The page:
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ISSN: 1935-1232 (P)

ISSN: 1941-2010 (E)

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Research - Clinical Schizophrenia & Related Psychoses ( 2021) Volume 15, Issue 3

Effectiveness of Transactional Analysis on Parental Stress of Mothers with Autistic Children
Atefeh Heyrat* and Fatemeh Mohammadi Fesharaki
 
Department of Ahl-Al-Bait Studies, University of Isfahan, Isfahan, Iran
 
*Corresponding Author:
Atefeh Heyrat, Department of Ahl-Al-Bait Studies, University of Isfahan, Isfahan, Iran, Email: [email protected]

Received: 11-Jun-2021 Accepted Date: Jun 25, 2021 ; Published: 02-Jul-2021

Abstract

Introduction: Autism is a developmental disorder that is characterized by challenges in social interaction. The aim of this study was to evaluate the effectiveness of transactional analysis on parental stress of mothers with autistic children.

Materials and methods: The research method was quasi-experimental using pre-test and post-test design with control and intervention groups. The statistical population of this study was all mothers of autistic children living in Isfahan (Isfahan, Iran) in total of 30 samples were selected by purposive sampling method and were randomly assigned to intervention and control groups. Both groups were first pretested by the Berry and Jones (1995) Parental Stress Scale. Then, only the mothers of the intervention group underwent sessions of group therapy based on the transactional analysis. After sessions of minutes on the intervention group, both groups were re-evaluated by the same tests. The results were analyzed by SPSS software and covariance analysis.

Results: The results of the current study indicated that parental stress scores in the intervention group was reduced significantly in the post-test compared to pre-test (P<0.05). Therefore, the analysis of transactional has been able to significantly reduce the mean scores of parental stress in mothers of children with autism.

Conclusion: Considering the effectiveness of transactional analysis on parental stress of mothers with autistic children, therefore, counseling through transactional analysis can be considered as a support tool for mothers with autistic children.

Keywords

Transactional analysis •Parental Stress •Autistic Childern

Introduction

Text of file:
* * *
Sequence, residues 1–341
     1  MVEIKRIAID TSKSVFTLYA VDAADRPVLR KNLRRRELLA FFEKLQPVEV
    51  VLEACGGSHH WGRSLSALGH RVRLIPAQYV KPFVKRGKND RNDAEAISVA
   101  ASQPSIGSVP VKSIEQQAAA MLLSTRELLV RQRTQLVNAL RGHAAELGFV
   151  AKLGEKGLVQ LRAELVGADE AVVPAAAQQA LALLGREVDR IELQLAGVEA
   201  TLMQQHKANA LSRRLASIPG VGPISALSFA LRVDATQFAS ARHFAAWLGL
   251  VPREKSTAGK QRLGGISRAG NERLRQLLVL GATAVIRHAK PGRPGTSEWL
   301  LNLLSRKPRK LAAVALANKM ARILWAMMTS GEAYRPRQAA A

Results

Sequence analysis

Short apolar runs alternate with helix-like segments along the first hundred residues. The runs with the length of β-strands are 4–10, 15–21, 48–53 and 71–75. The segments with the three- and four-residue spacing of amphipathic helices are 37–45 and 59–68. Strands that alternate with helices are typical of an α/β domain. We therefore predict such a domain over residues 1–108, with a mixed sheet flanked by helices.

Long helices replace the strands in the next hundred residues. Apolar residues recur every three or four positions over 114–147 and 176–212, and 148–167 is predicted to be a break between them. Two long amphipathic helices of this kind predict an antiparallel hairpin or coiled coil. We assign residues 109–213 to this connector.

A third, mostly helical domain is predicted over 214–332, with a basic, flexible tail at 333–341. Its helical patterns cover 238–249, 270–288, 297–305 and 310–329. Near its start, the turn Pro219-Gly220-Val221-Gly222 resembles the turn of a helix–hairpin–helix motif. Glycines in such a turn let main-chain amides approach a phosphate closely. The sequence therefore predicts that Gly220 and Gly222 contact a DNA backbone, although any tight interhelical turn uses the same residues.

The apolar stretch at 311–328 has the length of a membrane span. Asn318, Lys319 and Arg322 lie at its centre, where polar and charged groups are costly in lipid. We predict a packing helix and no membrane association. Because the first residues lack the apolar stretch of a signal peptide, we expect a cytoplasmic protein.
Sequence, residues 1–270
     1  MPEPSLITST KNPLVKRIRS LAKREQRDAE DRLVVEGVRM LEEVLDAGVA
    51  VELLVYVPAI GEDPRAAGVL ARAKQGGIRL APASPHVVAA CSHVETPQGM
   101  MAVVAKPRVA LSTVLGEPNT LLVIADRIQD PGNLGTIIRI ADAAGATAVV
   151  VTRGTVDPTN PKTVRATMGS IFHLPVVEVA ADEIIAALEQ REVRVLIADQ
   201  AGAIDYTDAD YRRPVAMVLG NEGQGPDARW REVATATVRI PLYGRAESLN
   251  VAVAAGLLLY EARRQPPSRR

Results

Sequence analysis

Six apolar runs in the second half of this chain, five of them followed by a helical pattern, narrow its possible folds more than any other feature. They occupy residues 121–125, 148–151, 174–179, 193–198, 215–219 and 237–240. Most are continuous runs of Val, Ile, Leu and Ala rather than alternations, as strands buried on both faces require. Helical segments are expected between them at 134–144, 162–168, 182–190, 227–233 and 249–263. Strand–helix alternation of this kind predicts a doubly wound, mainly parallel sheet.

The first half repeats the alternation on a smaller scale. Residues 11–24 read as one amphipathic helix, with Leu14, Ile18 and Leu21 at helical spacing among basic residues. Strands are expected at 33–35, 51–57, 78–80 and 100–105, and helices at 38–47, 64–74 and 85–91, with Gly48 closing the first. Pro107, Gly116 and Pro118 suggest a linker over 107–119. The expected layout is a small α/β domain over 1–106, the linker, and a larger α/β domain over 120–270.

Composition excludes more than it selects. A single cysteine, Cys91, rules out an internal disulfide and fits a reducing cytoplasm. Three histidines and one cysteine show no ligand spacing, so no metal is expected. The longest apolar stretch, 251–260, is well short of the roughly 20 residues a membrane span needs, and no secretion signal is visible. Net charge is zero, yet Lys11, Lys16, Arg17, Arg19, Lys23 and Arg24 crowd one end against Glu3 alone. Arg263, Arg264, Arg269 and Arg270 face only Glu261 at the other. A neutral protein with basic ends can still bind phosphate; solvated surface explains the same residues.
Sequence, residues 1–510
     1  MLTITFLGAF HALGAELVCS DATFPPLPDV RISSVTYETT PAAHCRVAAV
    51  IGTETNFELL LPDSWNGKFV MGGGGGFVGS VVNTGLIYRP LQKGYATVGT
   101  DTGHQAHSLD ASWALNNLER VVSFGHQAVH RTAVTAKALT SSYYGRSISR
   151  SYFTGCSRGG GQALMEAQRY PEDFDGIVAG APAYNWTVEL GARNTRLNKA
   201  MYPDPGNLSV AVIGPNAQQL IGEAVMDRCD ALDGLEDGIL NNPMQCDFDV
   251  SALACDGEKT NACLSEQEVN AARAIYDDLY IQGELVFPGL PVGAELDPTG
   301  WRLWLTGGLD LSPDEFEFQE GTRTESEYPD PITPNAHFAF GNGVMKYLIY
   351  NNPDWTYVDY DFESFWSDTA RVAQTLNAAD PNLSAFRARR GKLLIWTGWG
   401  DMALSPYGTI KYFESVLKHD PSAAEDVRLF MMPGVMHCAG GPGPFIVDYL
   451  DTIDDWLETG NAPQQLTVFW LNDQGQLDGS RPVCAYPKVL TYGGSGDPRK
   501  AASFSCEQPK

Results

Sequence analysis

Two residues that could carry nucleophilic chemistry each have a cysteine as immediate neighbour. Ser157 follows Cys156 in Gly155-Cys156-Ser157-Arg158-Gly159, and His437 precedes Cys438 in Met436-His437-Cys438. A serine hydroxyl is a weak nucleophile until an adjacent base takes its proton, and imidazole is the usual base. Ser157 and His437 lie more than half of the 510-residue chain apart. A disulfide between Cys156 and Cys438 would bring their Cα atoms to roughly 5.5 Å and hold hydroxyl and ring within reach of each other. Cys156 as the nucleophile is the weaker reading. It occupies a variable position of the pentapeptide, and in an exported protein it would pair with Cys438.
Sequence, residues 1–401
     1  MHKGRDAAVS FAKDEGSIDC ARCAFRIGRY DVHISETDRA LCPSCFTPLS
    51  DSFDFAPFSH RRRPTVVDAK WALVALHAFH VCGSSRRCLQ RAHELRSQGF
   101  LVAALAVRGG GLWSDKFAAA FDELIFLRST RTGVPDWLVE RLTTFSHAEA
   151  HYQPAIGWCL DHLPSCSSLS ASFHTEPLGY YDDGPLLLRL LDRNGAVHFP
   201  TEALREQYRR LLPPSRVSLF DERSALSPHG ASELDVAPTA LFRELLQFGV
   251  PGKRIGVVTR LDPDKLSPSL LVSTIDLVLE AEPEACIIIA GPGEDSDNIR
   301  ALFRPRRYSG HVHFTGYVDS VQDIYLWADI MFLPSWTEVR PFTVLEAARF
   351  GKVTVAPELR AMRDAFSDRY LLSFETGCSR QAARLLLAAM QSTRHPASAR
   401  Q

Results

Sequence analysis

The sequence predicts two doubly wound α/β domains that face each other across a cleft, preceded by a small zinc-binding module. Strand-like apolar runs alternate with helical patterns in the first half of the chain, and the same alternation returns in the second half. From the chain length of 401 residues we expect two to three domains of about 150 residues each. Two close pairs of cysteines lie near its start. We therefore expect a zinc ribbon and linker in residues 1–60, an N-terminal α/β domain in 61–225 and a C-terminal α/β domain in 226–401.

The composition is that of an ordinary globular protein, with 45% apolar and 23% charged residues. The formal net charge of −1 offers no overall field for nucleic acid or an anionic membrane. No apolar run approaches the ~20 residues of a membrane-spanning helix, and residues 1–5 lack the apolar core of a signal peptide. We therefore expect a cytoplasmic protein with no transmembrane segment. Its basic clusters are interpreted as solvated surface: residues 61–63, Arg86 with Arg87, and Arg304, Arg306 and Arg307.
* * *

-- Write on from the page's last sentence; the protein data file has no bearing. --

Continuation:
The Autism Spectrum Disorder (ASD) is a heterogeneous, multi-factorial, developmental disability in which an unusual pattern of development takes place during infant and toddler years characterized by difficulties with social interaction which affects verbal and nonverbal communication [1]. Autism Spectrum Disorders are thought to be relatively common, with analyses estimating 1%-2% in the population could meet diagnostic criteria [2]. Although the number of people being diagnosed with autism is increasing, however many are still missed by healthcare services. In addition to affecting the person with autism, this disorder also leads to a series of family and social problems. Parenting a child with autistic disorder is expected to cause an enduring stress and is a demanding responsibility for the parents [3]. Parents of children with autism due to spend more time with the sick child, they spend very little time with other family members, and as a result, they often feel confusion, emotional coldness, and guilt in their married life. Previous studies have shown that parents of children with autism spectrum disorders are more exposed to stress and anxiety due to having a disabled child than parents of children with other psychological disorders [4]. The presence of a disabled child, due to the negative impact on the mother, threatens her physical and mental health [5]. Parenting stress is one of the types of stress experienced by mothers of children with autism. Previous studies has shown that parenting stress in mothers of autistic children in both the parenting and child domains, as well as in total parenting stress, is significantly higher than in mothers with normal child. This stress can be related to the child, parent or community. The ambiguous nature of autism, child characteristics, concerns about persistence, and low community acceptance can contribute to this stress [6].